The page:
#49 – A shared e-mail

April 14, 2012 at 12:04 pm | Posted in Adoptive parenting do's, Raising the adopted child | Leave a comment
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I received the email below from an adoptive mother and asked her permission to share it on this blog.  She shared her insight gained one day after a friend’s suggestion.

“I was complaining to a friend of mine how overworked I feel and how many of my days are difficult.  She responded with, “I want you to make me a promise.  I want you to do nothing tomorrow but those things which give you joy.”  I was startled as I thought there weren’t many things that I did that were joyful.  I asked her if she had ever had such a day and she answered that she had, and it was wonderful.  I promised her I’d try.

 

As I awoke the next morning I knew I’d have to make my kid’s breakfast and get them off to school.  This was usually a stressful time with my nagging at them that they’d miss the school bus if they didn’t hurry.  It seemed to me that they never did hurry.

 

I knew I had to go through this morning routine, but it wasn’t a joyful time.  Then I thought what if I made it a joyful time.  I decided to change my thought and see if I could enjoy that early morning challenge.  I looked at my 8 year old son and 11 year old daughter with love and appreciation when they came into the kitchen.  I thought how blessed I was to have them as my children.  This brought me joy.  They seemed to be in better moods and the early morning process went smoothly.

 

Throughout the day I was faced with many tasks (I have a small business and I work from home) and each time I questioned if I enjoyed it or not.  Sometimes the answer was ‘yes’ and sometimes it was ‘no’, but when it was ‘no’ and it absolutely had to be done, I tried to see if there was a glimmer of joy in the process.  I found there was.  I was blessed to be able to work from home doing something that I liked, even though some aspects of it weren’t easy.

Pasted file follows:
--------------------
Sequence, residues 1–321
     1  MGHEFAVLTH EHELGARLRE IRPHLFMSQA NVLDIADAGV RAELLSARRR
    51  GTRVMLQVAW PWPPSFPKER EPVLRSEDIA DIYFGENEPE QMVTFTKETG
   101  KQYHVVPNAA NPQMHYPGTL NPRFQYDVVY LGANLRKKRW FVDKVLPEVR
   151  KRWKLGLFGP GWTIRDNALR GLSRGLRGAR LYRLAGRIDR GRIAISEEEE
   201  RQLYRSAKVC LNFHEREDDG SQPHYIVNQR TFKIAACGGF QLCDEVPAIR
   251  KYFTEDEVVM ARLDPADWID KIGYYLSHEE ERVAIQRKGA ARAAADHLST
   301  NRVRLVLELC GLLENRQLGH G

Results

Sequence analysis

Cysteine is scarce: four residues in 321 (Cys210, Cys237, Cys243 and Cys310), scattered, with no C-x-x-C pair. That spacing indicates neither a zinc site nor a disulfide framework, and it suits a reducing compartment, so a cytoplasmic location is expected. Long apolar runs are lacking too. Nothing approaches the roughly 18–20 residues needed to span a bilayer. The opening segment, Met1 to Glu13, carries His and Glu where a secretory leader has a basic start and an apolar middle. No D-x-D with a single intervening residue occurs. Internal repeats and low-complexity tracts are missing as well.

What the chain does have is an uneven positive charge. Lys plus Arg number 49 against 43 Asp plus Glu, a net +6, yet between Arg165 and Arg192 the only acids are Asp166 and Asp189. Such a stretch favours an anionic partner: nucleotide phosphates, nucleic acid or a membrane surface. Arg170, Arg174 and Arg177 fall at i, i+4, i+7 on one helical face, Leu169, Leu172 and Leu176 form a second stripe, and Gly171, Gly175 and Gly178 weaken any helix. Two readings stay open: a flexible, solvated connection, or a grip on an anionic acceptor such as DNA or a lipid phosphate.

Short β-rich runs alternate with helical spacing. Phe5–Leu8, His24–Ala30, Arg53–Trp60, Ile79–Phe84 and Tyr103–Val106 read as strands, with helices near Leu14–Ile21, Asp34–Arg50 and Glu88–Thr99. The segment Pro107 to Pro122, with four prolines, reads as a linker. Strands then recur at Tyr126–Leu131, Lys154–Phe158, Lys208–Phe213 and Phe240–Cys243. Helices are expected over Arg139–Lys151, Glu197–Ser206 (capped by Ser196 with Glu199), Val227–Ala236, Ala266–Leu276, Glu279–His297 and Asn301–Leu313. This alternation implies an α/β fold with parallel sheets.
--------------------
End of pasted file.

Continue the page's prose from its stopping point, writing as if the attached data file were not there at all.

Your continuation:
When my children came home from school, I was well into my experimental day.  There are many chores we have daily that don’t bring us joy, but they need to be done.  Each time I encountered one of those chores, I asked myself where the joy was  – and each time I was able to find some.  Often it was in gratitude for our family, for the love and harmony we shared, one time it was joy in being able to drive to the grocery store instead of having to walk.

 

Cooking is one of my least favorite things to do, but while fixing dinner I was aware of the healthy food I was able to put on the table to help my kids grow up strong and healthy.  When my son asked for help with his homework, I was tired, but then I found joy in the fact that he had a mother who was there for him.

 

That day was really a lesson for me.  I found I had a choice – not in the things I had to do – but in the attitude with which I did them.  This was not what my friend was getting at when she asked me to do only things that brought me joy, but I realized I could be getting much more joy each day out of my life.  It was up to me.

 

This doesn’t have a specific tie to adoptive parenting, but it helped me greatly and I wanted to share it with you.  I’m not perfect every day, but I find much more joy in my days now, and I see the effect it has on my family.”

 

I think this e-mail speaks for itself and I think it does have a lot to do with parenting. We are parents every day of our lives, and if we can find more joy in each day, just think how we can influence our families.  Something to ponder – – –

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